The articles Combating Intentional Bigotry and Inadvertently Racist Acts by Blanchard and Interrupting The Cycle of Oppression by Ayvazian are perfect for ending this semester on social justice. Now that we've learned how systems of oppression work to keep people "in their place", learning how to break down those walls to free the oppressed and to "crack the glass" gives the semester a solid sense of closure and a feeling of personal accomplishment as a student.
Blanchard discusses how people who are either totally uneducated on racism or have never had a racial encounter are bound to, well, say something stupid from time to time when they're finally in a situation with people of other races. He believes that people who make unintentional racist slip-ups only do so because they simply don't know any better. They shouldn't be punished or reprimanded, but instead addressed about what they did, informed about why it is unacceptable, and asked to handle the situation differently next time. He feels there is a distinct difference between someone who is intentionally trying to oppress someone by making racist comments, and someone who is doing it unknowingly. "The prohibitions often embrace both the intentional behavior of the committed bigot and the careless behavior of those inexperienced with racial contacts." I agree with his views on this conflict, and feel it can be applied to all aspects of social justice. When in the presence of a "committed bigot", it is very important to stand up and be an ally even if there is risk involved, and even if you think the person will not change their ways. However, because the careless person doesn't understand what they're saying or doing, when you recognize that situation, I feel that it is even more imperative to take responsibility to enlightening that person, otherwise you are allowing it to continue.
Blanchard also talks about how it needs to be a law that racial comments and harassment not be allowed in the work place, home, or in public, just the same as sexual harassment. He states, “Unfortunately, the federal and state regulations that
define and bar racial harassment are neither as articulate nor as encompassing
as those governing sexual harassment. Until state and federal rules barring racial
harassment recognize how seemingly less-odious behaviors can accumulate to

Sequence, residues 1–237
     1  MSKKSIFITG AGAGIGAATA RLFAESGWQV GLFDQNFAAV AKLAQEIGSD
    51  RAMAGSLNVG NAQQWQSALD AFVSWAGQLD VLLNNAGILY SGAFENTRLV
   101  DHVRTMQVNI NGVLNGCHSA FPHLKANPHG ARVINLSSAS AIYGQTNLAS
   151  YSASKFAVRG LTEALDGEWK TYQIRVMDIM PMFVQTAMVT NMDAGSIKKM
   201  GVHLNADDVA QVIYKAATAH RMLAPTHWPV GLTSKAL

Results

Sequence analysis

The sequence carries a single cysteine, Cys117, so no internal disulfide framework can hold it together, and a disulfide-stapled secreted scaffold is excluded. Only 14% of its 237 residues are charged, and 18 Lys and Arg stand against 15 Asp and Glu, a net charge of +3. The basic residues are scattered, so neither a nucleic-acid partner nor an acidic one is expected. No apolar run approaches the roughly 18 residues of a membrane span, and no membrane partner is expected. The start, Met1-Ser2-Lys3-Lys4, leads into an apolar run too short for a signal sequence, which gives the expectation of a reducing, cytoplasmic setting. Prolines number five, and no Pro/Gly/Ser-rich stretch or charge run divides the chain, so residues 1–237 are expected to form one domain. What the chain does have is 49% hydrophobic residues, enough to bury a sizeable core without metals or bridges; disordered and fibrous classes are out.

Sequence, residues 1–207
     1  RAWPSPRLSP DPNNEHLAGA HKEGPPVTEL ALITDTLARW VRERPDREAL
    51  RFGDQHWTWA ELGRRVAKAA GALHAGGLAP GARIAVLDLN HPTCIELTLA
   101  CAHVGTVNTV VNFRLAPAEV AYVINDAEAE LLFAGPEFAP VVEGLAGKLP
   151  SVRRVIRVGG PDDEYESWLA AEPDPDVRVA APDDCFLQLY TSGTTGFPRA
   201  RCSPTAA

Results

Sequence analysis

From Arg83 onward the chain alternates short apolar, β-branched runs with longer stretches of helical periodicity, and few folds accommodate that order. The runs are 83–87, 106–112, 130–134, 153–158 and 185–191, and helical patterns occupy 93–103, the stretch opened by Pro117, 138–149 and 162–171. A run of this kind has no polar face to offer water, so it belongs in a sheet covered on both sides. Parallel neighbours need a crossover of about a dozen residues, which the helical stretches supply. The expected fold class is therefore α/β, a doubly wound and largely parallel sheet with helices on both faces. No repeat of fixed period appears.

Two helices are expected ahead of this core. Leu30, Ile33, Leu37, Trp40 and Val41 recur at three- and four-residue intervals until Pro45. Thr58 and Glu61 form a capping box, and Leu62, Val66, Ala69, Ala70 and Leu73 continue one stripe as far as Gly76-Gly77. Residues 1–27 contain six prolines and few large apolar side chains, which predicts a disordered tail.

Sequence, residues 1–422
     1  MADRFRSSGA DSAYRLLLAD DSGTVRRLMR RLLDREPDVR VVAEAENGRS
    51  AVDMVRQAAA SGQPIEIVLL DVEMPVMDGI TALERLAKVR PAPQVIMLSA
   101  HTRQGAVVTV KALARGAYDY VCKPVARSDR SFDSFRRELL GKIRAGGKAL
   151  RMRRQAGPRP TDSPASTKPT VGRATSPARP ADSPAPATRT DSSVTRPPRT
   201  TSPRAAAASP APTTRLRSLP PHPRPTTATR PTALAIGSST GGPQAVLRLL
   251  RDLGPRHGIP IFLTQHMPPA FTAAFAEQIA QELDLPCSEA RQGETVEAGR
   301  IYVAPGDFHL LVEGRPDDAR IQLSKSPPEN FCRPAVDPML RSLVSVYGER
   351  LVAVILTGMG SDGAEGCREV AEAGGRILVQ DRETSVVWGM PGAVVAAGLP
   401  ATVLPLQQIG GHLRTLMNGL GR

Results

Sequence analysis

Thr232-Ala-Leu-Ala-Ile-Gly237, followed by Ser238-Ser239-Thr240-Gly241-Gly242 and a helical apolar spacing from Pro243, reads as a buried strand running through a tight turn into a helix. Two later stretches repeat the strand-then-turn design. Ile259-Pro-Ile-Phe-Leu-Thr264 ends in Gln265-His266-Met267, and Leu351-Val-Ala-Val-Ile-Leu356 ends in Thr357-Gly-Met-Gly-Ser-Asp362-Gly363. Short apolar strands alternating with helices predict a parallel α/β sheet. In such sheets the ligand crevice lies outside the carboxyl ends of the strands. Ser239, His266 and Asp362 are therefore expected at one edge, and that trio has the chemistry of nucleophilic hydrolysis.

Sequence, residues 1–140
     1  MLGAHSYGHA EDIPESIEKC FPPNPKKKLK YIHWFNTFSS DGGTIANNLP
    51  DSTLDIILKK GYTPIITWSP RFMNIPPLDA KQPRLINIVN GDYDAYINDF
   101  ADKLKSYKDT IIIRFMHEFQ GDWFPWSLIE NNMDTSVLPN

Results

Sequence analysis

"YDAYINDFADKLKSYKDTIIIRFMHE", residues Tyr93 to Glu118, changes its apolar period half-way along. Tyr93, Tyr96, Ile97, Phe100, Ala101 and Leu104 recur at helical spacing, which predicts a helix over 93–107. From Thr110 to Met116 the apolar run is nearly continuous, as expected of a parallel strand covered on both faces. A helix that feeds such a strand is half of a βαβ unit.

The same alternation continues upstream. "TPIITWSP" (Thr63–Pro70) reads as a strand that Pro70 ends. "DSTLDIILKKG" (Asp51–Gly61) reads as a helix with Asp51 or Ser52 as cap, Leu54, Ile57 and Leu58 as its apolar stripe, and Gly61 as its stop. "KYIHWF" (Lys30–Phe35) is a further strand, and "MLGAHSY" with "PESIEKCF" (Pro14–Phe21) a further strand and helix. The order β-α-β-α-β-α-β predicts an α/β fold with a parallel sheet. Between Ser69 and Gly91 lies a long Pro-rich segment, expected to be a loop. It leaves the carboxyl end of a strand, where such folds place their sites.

produce an atmosphere of intimidation, codes of conduct that rely on them will
restrain only the most flagrant forms of attack.” This is to say that if it is not made illegal for a person to act upon their racist beliefs in any form, that only when people physically harm and kill others because of racial differences, will anything be done against it legally. Sexual harassment is illegal because it not only leads to acts of sexual violence, but because it is socially unacceptable, and people who are victims of even the most "harmless" verbal sexual harassment feel uncomfortable and in physical danger. Is the same not true of racism? Do people who are victims of racist words not feel like they are in danger? Shouldn't there also be inclusive laws making racism socially unacceptable?
Ayvazian shows us how to be allies and to actively fight these harmful words and oppressors. She says that if in a situation of social injustice you find yourself having traits that are dominant over the injustice at hand, there is a great opportunity for you to be successful is changing the situation. “When we consider the different manifestations of systematic
oppression and find ourselves in any of the categories where we are dominant –
and therefore receive the unearned advantages that accrue to that position of
advantage – we have the potential to be remarkably powerful agents of change as
allies.” As we discussed in class and as Blanchard also stated, if you're witnessing an act of social injustice and you do nothing, you are allowing it to continue and letting the oppressor gain strength in their beliefs. They will assume that everyone agrees with them and that they are right. It is important to show people how you feel and express your opinions when you disagree on any subject, but it is crucial to do so when others' comfort and safety is at risk. Ayvazian defines ally behavior so well: “Allied behavior means taking personal responsibility for
the changes we know are needed in our society, and so often ignore or leave
others to deal with.” If people don't take the risk of standing up for what they know in their hearts is right, then they are abandoning their own beliefs and rendering themselves ineffectual. If you know that a person being bullied or oppressed is worth taking a risk for, and if you know that you are a worthwhile human being, then you shouldn't be afraid to utilize your power for change! Be an ally! Its worth it!